Survival Craft: The Acts also deleted the words “lifeboats or liferafts,” and replaced them with, “a survival craft that ensures that no part of an individual is immersed in water…” This means that all commercial fishing industry vessels operating beyond 3 nautical miles of the base line or the coastline of the Great Lakes will be required to carry a survival craft that keeps you out of the water (i.e., a lifeboat, inflatable liferaft, or inflatable buoyant apparatus) in the event of an abandon ship need. Current life floats and buoyant apparatus are not designed to keep an individual out of the water when used in an emergency. This requirement for a survival craft, such as a lifeboat, inflatable liferaft, or inflatable buoyant apparatus that keeps one out of the water, is scheduled to go into effect on February 16, 2016.
AIS: Effective March 2, 2016 all comercial vessels including fishing vessels over 65 feet will be required to carry either a Class A or Class B Automatic Indentification System (AIS). The AIS is a shipboard broadcast system that acts like a transponder, operating in the VHF maritime band. Picture a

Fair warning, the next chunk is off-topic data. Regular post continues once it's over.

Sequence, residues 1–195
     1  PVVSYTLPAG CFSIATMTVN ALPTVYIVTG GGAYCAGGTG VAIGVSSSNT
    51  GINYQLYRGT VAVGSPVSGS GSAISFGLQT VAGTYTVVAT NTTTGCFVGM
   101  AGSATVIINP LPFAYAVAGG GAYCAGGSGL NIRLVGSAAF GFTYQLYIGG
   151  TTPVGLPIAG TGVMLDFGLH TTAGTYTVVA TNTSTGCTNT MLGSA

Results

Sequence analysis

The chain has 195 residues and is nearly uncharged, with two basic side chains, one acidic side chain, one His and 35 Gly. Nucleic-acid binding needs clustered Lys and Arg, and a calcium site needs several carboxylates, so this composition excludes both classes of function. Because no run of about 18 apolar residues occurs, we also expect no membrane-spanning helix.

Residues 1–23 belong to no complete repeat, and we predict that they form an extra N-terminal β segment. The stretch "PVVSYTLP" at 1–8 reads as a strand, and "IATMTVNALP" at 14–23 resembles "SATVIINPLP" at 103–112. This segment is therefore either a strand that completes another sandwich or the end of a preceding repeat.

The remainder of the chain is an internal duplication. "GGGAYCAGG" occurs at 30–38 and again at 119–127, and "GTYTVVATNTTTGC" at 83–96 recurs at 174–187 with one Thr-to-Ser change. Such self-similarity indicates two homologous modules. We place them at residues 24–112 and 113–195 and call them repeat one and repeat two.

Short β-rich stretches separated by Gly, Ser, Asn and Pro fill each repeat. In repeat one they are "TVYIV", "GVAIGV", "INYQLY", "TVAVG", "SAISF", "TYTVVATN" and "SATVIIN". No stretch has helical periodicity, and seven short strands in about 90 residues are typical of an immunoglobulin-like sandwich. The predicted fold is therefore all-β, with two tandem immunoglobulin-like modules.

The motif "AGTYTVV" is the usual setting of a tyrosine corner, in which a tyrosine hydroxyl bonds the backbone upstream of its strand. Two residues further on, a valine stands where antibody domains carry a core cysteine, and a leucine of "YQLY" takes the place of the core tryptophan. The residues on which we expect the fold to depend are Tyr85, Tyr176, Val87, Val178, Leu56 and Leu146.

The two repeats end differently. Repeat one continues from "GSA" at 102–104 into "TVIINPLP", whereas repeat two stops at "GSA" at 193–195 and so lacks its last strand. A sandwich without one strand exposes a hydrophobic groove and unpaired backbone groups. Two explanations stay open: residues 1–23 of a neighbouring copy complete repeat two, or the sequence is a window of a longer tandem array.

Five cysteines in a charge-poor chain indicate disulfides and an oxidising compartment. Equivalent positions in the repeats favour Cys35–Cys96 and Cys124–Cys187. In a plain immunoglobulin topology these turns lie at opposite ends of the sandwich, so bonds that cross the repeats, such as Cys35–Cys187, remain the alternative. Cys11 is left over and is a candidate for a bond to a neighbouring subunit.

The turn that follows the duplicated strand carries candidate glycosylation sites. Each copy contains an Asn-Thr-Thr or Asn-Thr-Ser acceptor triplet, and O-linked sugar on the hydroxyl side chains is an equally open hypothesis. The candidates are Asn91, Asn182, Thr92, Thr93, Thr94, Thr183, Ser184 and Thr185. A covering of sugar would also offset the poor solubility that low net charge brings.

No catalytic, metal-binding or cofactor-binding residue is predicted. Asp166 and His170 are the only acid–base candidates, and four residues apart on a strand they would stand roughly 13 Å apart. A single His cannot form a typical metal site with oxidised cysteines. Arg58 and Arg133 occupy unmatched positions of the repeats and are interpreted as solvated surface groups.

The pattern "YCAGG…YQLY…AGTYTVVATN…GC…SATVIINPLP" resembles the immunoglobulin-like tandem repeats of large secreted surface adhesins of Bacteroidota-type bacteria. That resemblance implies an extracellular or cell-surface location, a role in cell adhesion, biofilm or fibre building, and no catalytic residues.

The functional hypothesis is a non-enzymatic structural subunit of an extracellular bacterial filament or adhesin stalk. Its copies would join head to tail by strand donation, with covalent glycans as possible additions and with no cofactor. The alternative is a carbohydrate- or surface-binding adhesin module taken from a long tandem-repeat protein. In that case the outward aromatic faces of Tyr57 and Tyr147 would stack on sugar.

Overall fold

shipboard radar or an electronic chart display that includes a symbol for every significant ship within radio range, each as desired with a velocity vector (indicating speed and heading). Each ship “symbol” can reflect the actual size of the ship, with position to GPS or differential GPS accuracy. By “clicking” on a ship symbol, you can learn the ship name, course and speed, classification, call sign, registration number, MMSI, and other information.
Questions regarding these requirements should be forwarded to the First District Office at 617-223-8315 or to your local Sector Vessel Examiner. The examiners and other information can be found on the web site, www.fishsafe.info. Click on local examiners on the left side drop down menu. This bulletin was published for informational purposes only.